D23 brought many exciting updates and, with that, gave Disney fans more insight into the future of Grumman Gulfstream I.
Walt Disney’s plane, affectionately known as “The Mouse,” is currently on display at the D23 Expo. The plane was dismantled in Florida and then lovingly pieced back together in California for Expo guests. The aircraft has delighted many a Disney fan. Many marveled at the opportunity to see such an iconic piece of Disney history up close.
Recently we received more information about the fate of Walt Disney’s beloved plane, and it’s perfect.
Disney CEO Bob Chapek took to the stage at the media preview of the D23 Expo on Thursday evening to share the news. The plane will travel from the D23 Expo 2022 in Anaheim to Palm Springs, California, to be displayed alongside the Palm Springs Air Museum collection starting October 15.
Not just this, a new exhibit will be constructed at the Air Museum, highlighting the plane’s history and showcasing its significance to The Walt Disney Company’s history and relevance to the Palm Springs Area. The exhibit is set to open on Walt Disney’s birthday, December 5.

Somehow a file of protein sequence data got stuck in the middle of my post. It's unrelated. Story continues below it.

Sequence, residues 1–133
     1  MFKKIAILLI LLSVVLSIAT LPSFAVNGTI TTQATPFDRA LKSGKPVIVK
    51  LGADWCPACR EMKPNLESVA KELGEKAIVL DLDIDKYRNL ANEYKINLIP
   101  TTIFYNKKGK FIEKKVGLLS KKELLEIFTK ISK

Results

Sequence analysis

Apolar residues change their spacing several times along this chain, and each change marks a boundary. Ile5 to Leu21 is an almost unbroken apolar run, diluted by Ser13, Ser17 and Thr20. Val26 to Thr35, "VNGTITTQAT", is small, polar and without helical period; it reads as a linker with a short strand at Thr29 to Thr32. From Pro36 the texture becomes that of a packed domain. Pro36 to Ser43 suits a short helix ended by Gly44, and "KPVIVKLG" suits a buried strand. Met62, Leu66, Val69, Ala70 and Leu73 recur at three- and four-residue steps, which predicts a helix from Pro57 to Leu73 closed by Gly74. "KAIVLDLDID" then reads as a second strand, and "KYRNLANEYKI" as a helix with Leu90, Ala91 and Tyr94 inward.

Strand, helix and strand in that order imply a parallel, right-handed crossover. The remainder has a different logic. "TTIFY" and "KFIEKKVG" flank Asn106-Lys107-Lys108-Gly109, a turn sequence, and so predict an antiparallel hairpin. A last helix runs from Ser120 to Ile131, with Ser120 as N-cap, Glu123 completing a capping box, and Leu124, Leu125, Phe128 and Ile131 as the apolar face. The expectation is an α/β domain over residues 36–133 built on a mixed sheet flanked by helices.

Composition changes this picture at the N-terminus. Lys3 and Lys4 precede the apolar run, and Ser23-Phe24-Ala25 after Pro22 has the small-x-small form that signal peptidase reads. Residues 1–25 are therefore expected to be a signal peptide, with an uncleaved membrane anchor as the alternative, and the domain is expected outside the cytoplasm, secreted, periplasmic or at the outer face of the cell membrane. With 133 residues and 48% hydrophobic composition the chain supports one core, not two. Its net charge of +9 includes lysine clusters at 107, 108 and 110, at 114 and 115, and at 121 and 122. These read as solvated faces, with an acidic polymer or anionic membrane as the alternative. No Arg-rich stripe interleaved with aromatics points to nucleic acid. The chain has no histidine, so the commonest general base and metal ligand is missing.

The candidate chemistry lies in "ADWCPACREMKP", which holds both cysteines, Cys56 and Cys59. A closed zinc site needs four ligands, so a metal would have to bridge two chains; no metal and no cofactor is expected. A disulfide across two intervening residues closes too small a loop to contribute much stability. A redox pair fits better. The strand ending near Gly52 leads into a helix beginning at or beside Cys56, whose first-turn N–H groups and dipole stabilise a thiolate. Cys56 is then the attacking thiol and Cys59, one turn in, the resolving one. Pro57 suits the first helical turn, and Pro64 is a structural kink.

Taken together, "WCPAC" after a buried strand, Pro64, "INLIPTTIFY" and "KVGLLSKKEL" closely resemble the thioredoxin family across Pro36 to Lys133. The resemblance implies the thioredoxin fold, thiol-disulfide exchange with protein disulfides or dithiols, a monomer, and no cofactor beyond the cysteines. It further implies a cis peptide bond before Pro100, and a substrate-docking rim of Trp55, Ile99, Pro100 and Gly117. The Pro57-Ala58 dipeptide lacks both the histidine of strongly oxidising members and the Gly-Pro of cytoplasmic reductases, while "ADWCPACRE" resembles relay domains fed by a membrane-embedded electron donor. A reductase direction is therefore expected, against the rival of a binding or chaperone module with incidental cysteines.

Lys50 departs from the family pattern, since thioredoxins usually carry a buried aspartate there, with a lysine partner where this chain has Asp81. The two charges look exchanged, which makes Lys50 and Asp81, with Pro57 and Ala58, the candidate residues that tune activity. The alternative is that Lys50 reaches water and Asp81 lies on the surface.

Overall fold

Walt Disney Archives director Rebecca Cline shared about the plane,
“We are so happy to have Walt’s plane make a ‘landing’ at the Palm Springs Air Museum, just a few miles from where Walt and his family had vacation homes at Smoke Tree Ranch. It is the ideal setting for this incredible icon.”
The plane will be on a long-term loan to the museum.
Walt Disney acquired the iconic Gulfstream that would come to be known as “The Mouse” in 1963. Per the D23 website, “the interior of the plane was initially designed with creative input from Walt Disney and his wife, seated up to 15 passengers, and included a galley kitchen, two restrooms, two couches, a desk, and nods to the mouse who started it all, including matchbooks and stationery adorned with a silhouette of Mickey Mouse.”
used the plane to fly between Burbank, California, and Orlando, Florida where the was being constructed, and then eventually lived. He also used to travel to land he was considering for a .
In the 28 years the plane served The Walt Disney Company, it flew 20,000 hours and transported around 83,000 passengers before it was grounded.